Last year, the Deep End featured a post on the issue of net neutrality. Somehow it got mentioned a lot on Reddit – a social news site with a massive international user base. The result was a surge of traffic to ConservativeHome, producing a vertiginous one-day spike that played havoc with our page view statistics for the whole year.
ConHome is no tiddler. Within the sphere of UK politics, we can reasonably claim to be the most influential independent website in the country – and certainly one of the most-read. But what last year’s traffic spike illustrates is that the internet as a whole has become dominated by an ever-smaller number of super-sites. This has all sorts of implications, not least for net neutrality.
Here’s the Economist on the issue:
“Internet service providers (ISPs) like Verizon, AT&T, Comcast and Time Warner Cable are adamant that the internet should remain free of regulations that would bar them from limiting or charging bandwidth-hogging users such as Netflix and YouTube. During the prime-time hours of 6pm to 10pm, these two popular websites for streaming video account for half of all internet traffic in America.”
Advocates of net neutrality insist that without regulatory guarantees the internet could be stitched-up by the biggest players:
“…two internets might emerge: a fast lane for content providers willing to pay for first-class service; and a slow lane for everyone else. They argue that, unable to afford the internet’s fast lanes, start ups and other innovators might not be able to compete effectively with established web giants—and that could hobble innovation.”
In last year’s post, I compared the internet to the national road network and imagined what would happen if the network operator were allowed to favour one supermarket by imposing a lower speed limit on the delivery vehicles of a rival supermarket. I suggested that this would be pure rentier economics and that ordinary consumers would pay the price.
Of course, the parallel is far from exact. For a start, the infrastructure of the internet, unlike most of the road network, is owned by private companies. Furthermore, because internet traffic can be squeezed through narrow strands of copper, glass and plastic, the internet is largely free from the spatial constraints that apply to roads:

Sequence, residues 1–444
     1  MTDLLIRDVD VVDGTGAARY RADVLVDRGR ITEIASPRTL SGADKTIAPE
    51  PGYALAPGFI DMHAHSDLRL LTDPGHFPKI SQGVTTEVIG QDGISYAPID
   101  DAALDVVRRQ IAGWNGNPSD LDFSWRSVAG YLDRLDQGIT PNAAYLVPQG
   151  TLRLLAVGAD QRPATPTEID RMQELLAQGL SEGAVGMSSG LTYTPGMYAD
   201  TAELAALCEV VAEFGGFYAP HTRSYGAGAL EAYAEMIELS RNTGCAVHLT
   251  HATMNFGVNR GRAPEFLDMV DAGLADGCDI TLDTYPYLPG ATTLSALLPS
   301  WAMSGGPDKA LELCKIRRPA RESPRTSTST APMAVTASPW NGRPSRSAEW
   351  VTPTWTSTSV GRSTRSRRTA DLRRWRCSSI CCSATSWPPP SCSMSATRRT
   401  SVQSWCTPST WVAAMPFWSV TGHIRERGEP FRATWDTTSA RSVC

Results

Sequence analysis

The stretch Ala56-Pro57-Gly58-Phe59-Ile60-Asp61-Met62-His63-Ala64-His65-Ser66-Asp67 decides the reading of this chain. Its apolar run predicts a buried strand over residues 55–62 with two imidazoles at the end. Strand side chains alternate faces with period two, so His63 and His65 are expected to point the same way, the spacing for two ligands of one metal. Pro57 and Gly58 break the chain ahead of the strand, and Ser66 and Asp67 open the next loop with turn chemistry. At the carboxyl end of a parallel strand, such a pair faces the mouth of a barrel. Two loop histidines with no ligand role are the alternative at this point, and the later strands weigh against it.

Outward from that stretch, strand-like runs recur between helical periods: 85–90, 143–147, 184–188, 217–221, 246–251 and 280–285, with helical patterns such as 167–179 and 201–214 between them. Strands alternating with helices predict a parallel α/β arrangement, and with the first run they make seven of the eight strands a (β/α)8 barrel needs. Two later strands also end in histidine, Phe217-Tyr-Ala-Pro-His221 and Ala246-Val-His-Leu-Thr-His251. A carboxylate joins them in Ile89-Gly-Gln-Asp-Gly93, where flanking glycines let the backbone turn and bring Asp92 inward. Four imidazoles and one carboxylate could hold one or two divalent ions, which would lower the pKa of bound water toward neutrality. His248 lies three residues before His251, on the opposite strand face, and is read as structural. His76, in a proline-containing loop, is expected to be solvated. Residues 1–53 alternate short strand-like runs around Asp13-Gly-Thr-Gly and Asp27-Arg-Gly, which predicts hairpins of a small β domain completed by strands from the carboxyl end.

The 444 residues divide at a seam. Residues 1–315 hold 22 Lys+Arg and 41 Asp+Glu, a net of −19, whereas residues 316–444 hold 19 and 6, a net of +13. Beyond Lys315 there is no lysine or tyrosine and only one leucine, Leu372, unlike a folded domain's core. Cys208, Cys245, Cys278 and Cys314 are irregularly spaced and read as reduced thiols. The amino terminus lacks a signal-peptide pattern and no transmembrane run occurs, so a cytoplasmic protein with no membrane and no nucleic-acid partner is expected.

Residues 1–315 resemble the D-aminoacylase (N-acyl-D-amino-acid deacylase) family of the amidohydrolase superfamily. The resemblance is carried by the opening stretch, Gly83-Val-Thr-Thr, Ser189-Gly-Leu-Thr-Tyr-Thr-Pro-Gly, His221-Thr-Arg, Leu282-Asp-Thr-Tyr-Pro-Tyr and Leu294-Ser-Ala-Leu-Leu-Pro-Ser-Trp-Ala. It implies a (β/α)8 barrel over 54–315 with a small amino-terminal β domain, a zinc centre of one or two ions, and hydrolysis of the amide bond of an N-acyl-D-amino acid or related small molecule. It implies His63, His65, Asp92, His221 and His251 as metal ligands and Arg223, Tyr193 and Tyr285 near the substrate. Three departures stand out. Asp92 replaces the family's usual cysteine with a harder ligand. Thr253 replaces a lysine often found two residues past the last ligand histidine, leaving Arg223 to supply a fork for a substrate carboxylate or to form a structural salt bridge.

“…a decade or so ago… internet traffic was generated by thousands of individual companies. Now, the bulk of it comes from just 30 or so web giants, including Amazon, Facebook, Google, Netflix and Twitter. Because such web firms move so much data, they have had to do deals with the large ISPs to let them bypass the internet’s backbone and connect directly to the last-mile pipes the ISPs use to link users to the internet.”
In effect, it’s as if the supermarkets were building their own private roads for the exclusive use of their own delivery vehicles – which, in an internet context, seems fair enough. Obviously, that still leaves the point at which the private roads feed back into the shared network – which is where the principle of net neutrality must be upheld.
However, there’s even more at stake here. In recent years we’ve heard an awful lot about how the internet is driving the decentralisation of power. There was, for instance, talk of a ‘blogging revolution’ in which ‘citizen journalists’ would challenge the established media for control of the news agenda.
It hasn’t really worked out that way. Sites like ConservativeHome and Guido Fawkes are the exception rather than the rule. Our main competition doesn’t come from other bloggers, but from the online operations of the established print publications.
Far from being a force for decentralisation, the internet is being centralised. Both in terms of the user experience and the physical gubbins that underlies it, control is being concentrated into fewer and fewer hands.
One could say the same about the free market in general; major players tend to emerge from the initial ferment that characterises new industries. This sorting of the wheat from the chaff can be a good thing, of course – but only for as long as competition is maintained and the big companies are open to ongoing challenge from new market entrants.
That is why it is vital that the core of the internet remains a genuinely open and neutral space in which everyone has a chance to be the next big thing.